Maricopa County warns public of rising COVID, flu, and RSV cases
PHOENIX (3TV/CBS 5) -- If you’re noticing more people getting sick this holiday season, the Maricopa County Department of Public Health (MCDPH) says you’re not alone.
On Friday, the county health department issued a public health warning as cases of illness, including COVID-19, the flu and RSV, are much higher than usual for this time of year. Health officials are asking the community to vaccinate themselves against COVID and flu boosters which are widely available at Valley pharmacies and drug stores. Experts are warning that cases could continue to increase as families gather for Hanukkah, Kwanzaa, and Christmas and into the new year.
“Respiratory viruses can cause severe disease, especially in infants, young children, and older adults,” said Dr. Nick Staab, a medical epidemiologist at MCDPH. “It is concerning to see so many cases before many holiday gatherings and travel have even happened. We are already seeing a strain on our healthcare systems.”
According to the Centers for Disease Control and Prevention, cases of the flu are now considered “widespread,” which is designated as the agency’s highest level of virus spread. National health officials say they’re recommending people mask up indoors while out in public. RSV, which tends to make children particularly ill, is now more than two times higher than the average peak, according to MCDPH.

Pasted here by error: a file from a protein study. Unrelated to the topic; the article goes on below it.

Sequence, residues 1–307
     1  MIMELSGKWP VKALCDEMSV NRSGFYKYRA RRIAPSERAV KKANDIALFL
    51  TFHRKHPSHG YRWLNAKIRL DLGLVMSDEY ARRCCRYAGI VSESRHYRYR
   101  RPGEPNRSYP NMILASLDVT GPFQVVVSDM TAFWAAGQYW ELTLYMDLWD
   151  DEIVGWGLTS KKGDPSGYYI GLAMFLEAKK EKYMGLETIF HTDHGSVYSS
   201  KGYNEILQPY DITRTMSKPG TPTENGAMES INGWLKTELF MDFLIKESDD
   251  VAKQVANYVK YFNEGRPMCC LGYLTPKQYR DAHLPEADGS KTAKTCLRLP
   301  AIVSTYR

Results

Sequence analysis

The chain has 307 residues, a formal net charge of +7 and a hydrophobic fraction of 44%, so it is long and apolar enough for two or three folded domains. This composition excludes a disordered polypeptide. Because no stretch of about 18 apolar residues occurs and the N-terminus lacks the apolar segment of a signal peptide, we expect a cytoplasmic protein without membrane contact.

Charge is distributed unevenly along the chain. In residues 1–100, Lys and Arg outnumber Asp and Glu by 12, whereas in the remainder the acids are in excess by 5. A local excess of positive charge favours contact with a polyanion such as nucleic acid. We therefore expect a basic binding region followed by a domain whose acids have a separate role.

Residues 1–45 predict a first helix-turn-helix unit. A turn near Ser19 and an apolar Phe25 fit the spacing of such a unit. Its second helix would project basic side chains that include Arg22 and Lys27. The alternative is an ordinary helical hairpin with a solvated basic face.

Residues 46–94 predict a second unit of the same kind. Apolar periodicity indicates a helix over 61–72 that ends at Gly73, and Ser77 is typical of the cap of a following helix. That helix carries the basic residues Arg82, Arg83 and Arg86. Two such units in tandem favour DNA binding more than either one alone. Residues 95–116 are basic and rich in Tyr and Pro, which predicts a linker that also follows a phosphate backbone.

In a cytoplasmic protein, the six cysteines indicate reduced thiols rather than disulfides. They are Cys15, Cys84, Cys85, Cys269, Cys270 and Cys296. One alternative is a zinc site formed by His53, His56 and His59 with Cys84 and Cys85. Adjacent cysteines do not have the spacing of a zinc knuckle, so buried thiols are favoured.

Arizona’s Family was the first to report that COVID & flu cases have been rising since the start of the summer season. Last week, Arizona’s Family Elliott Polak reported that Arizona is the only state that has medium/high COVID-19 levels in all its counties. Eight counties, including heavily populated Maricopa County, have high transmission levels.
Hospitalizations are peaking too. “Over the last two and a half weeks we’ve seen about a 60% increase in patients hospitalized that carry the disease of COVID-19,” Dr. Michael White, the Chief Clinical Officer at Valleywise Health told Arizona’s Family’s Alexis Dominguez.
A number of Valley healthcare systems are taking matters into their own hands as illnesses spread during the colder months. Banner Health and Dignity Health have implemented visitor restrictions, which they say are necessary to slow the spread of respiratory illness at its hospital.
“Staying up-to-date on flu and COVID-19 vaccines is a simple way to prevent infections, reduce the spread of respiratory illness, and prevent severe disease,” said Dr. Staab. “You can get them on the same day at many places, and there’s still time to get vaccinated before the holidays.” It’s best to get vaccinated at least two weeks ahead of gatherings or travel so the body has time to build up protection.
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